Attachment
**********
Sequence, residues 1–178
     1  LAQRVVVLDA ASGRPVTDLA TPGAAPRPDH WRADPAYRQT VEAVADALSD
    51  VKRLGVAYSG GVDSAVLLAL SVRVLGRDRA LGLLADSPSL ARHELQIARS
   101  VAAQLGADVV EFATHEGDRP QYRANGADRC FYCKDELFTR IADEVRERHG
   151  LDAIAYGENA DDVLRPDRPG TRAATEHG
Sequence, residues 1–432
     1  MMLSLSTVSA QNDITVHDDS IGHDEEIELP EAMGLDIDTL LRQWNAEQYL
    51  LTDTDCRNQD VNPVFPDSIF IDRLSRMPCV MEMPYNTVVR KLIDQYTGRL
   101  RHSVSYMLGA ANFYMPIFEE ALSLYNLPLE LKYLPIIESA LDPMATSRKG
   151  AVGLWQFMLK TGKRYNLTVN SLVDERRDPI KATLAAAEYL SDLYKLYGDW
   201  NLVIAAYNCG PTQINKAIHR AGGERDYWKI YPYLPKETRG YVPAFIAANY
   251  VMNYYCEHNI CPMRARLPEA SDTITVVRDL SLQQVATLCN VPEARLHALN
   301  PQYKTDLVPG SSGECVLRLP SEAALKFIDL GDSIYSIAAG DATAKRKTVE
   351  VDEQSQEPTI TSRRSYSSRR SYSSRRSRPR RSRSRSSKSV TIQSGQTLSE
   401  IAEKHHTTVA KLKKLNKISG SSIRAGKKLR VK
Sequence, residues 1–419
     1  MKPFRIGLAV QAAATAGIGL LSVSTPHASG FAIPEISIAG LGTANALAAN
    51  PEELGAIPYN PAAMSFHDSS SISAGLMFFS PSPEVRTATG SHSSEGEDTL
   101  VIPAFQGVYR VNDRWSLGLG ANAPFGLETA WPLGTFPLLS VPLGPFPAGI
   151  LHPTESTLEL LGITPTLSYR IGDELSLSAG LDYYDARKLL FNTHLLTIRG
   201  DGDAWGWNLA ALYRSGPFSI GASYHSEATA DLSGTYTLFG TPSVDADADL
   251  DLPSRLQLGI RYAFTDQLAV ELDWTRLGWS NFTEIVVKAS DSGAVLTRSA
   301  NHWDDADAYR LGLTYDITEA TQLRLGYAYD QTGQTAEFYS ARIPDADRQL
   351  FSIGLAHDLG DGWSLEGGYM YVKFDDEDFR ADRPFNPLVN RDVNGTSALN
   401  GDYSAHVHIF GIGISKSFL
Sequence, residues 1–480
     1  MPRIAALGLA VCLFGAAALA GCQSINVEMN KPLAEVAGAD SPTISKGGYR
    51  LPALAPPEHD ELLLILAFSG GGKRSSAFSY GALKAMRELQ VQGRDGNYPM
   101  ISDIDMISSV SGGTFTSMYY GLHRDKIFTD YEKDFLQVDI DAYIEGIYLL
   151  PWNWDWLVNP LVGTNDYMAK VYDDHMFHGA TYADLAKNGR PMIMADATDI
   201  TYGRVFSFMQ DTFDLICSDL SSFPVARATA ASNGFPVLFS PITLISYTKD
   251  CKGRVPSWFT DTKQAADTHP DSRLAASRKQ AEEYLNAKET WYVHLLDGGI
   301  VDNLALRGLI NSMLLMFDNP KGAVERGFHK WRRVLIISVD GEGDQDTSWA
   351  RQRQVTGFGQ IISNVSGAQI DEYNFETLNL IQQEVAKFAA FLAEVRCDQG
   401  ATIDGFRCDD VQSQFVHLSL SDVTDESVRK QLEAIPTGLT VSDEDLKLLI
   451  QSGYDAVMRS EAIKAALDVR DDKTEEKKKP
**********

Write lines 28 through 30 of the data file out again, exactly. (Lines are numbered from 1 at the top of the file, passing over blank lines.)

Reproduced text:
    51  LPALAPPEHD ELLLILAFSG GGKRSSAFSY GALKAMRELQ VQGRDGNYPM
   101  ISDIDMISSV SGGTFTSMYY GLHRDKIFTD YEKDFLQVDI DAYIEGIYLL
   151  PWNWDWLVNP LVGTNDYMAK VYDDHMFHGA TYADLAKNGR PMIMADATDI